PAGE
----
Jutta Mattsson, photo
Tatu Henttonen, translation
Filmmaker Katariina Lillqvist marvels cheerfully at the fuss surrounding her new animated film, The Butterfly from Ural.
– My colleagues abroad are all green with envy. Attention of this magnitude for an animated film would not be possible anywhere else. If somebody in Britain lost their temper because of a puppet depicting Queen Elizabeth, people would laugh at them, Lillqvist says smiling.
The media controversy around Lillqvist's film arose already weeks before its premiere at Tampere Film Festival. The film was accused of showing the Finnish national hero General C.G.E. Mannerheim in a degrading light. A scene depicting Mannerheim having a love affair with his manservant was thought to be particularly offensive.
Lillqvist based her story on folk tales told by the working-class inhabitants of Tampere. The "slaughterer general" showing up in these folk tales reflects the views of the defeated side of the Finnish civil war in 1918.
Over the course of the history, open criticism on General Mannerheim has been unwelcome and many people still deem it improper.
Although some have seen The Butterfly from Ural as intentionally re-opening old wounds, the director herself sees her film as an antiseptic ointment. According to Lillqvist, the historical wounds of Tampere have been left open.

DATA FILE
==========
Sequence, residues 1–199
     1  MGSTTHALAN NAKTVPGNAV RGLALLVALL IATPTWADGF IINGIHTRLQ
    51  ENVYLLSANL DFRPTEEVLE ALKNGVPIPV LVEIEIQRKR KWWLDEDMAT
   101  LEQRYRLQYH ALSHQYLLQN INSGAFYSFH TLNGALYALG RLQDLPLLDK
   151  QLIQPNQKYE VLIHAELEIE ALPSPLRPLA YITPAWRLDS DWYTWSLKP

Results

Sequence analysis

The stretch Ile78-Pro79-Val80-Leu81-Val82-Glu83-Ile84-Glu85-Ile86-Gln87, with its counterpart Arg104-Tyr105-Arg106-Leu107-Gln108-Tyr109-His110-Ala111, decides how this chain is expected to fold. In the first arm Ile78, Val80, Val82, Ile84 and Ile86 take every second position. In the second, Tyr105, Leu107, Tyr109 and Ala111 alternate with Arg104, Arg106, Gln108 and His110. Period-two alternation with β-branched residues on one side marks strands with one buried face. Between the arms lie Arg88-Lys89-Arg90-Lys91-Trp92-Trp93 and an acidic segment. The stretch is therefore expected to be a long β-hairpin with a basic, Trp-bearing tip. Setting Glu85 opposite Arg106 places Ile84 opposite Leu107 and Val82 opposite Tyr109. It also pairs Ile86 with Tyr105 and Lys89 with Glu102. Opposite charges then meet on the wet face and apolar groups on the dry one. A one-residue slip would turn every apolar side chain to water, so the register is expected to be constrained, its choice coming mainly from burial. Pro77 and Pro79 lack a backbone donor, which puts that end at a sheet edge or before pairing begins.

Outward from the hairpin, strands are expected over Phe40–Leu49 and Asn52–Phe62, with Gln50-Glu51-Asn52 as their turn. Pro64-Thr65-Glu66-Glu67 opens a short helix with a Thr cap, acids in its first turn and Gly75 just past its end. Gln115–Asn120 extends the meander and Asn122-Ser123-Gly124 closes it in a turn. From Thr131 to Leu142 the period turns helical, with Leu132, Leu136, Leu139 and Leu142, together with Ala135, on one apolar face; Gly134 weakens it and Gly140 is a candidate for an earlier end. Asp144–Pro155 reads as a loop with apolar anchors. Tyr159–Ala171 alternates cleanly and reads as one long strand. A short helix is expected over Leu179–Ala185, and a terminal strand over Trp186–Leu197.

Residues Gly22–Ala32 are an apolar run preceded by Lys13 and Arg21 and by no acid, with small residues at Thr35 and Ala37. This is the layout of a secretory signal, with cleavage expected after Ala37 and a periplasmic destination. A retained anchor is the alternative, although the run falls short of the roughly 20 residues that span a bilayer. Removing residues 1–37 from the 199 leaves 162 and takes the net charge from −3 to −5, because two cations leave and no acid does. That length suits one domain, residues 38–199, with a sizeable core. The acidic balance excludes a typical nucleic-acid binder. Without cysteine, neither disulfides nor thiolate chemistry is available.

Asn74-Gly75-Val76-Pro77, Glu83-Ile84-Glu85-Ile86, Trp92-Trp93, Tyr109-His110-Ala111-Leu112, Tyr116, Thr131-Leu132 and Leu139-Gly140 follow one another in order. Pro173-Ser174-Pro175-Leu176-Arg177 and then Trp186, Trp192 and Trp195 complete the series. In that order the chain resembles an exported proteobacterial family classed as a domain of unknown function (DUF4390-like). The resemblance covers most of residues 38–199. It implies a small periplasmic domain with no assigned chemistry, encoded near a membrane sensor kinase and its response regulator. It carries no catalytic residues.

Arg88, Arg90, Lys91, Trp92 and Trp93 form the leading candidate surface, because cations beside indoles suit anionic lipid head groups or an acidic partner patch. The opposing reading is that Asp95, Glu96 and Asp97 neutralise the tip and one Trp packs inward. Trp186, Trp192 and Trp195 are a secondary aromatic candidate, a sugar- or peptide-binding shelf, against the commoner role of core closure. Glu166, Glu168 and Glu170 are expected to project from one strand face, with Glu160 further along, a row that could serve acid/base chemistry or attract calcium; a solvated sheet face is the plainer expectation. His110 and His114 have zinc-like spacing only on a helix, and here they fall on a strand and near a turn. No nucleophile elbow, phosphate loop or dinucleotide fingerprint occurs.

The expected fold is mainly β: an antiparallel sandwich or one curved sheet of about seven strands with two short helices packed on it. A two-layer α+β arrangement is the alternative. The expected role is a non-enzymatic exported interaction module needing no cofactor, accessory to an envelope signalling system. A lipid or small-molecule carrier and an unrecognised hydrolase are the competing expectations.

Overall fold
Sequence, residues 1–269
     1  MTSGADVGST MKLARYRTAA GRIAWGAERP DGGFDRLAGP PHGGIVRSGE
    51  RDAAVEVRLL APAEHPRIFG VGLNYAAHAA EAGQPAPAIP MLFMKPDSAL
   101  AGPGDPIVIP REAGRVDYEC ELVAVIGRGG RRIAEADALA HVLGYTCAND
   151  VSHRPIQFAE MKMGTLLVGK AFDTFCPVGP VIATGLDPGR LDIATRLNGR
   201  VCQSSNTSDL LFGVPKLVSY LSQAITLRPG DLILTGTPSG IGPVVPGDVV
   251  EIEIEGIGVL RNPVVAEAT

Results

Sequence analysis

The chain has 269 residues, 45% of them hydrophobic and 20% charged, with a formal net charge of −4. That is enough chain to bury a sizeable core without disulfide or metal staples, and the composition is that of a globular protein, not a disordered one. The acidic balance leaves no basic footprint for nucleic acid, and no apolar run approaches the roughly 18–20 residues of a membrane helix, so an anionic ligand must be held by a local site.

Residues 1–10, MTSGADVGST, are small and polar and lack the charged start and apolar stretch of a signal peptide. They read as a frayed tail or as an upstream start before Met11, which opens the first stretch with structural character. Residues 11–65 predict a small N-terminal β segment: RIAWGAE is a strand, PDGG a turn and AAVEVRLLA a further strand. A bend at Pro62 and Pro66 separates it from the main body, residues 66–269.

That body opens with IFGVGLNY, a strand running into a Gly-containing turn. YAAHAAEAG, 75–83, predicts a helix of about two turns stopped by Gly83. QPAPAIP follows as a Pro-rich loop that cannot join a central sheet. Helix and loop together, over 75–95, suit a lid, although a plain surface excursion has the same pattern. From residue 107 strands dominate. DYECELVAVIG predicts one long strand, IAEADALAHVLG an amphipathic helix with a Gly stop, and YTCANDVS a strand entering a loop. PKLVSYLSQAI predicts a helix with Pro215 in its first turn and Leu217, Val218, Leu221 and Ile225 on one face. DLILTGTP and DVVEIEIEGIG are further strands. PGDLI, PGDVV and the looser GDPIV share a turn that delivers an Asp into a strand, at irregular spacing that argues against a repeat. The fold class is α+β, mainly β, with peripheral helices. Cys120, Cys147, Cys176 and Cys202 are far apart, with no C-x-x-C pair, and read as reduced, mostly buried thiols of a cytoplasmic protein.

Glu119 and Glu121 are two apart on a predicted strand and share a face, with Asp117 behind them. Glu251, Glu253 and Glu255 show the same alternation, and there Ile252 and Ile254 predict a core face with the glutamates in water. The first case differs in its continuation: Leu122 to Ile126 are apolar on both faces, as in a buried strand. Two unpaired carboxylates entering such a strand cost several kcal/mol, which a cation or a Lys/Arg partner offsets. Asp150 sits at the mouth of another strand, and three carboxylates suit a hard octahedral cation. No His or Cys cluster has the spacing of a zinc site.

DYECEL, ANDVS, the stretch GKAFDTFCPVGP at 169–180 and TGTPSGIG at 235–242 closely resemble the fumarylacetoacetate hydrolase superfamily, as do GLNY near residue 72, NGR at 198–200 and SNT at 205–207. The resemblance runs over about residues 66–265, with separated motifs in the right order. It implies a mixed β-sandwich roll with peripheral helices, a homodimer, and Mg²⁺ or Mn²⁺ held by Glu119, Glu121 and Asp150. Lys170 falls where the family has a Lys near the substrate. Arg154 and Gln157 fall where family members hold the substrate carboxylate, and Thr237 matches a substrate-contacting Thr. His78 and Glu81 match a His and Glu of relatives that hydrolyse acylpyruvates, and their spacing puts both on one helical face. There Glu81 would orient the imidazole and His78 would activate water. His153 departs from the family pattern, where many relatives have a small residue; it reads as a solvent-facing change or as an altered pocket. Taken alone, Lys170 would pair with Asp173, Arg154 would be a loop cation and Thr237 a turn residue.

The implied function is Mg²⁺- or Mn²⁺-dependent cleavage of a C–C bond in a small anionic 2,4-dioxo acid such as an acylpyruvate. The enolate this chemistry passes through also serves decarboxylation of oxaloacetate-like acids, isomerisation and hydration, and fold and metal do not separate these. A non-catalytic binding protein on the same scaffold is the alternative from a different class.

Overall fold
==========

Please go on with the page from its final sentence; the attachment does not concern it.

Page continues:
– There can be no reconciliation before the wounds have been cleaned, Lillqvist emphasises.
News of the film's heated reception reached Lillqvist's colleagues even before they had arrived at Tampere.
– A Japanese colleague of mine had been browsing a Finnish newspaper in the plane and saw my picture, much to her surprise. She knew right away that something was going on.
Animated film gains benefit from the media fuss.
– You can't buy publicity of this magnitude with money. Large audiences are seldom aware of animated films. I hope that a few other films will get their share of the attention in the wake of this film.
If The Butterfly from Ural were a feature film, funding for it would have been very difficult to find. An animated film, however, allows for all the hullabaloo, Lillqvist says.
Scenery in the film The Butterfly from Ural.
It turned out that some people do not like their hero taken down from the pedestal, even if the hero in question is a puppet, not a person.
– We are going through a time of change here in Finland. Integration with the rest of Europe obscures the Finnish identity and people need to resort to old, traditional institutions, Lillqvist says.
– he myth of the innocent peasant has been broken.
Lillqvist thinks that the controversy around her film also shows the power of tabloids.
– People are content to believe the yellow press. If the tabloids say that my animated film is all about a gay Mannerheim, this is enough for people, even if the film itself barely touches on the topic.
Instead of homosexuality, Lillqvist's purpose was to bring the unspoken history of the civil war into the spotlight. She thinks the defeated side has remained silent for too long. Now it was time to talk.
– I am part of the last generation who has heard these stories with their own ears.
Updated 14 March 2008 15:04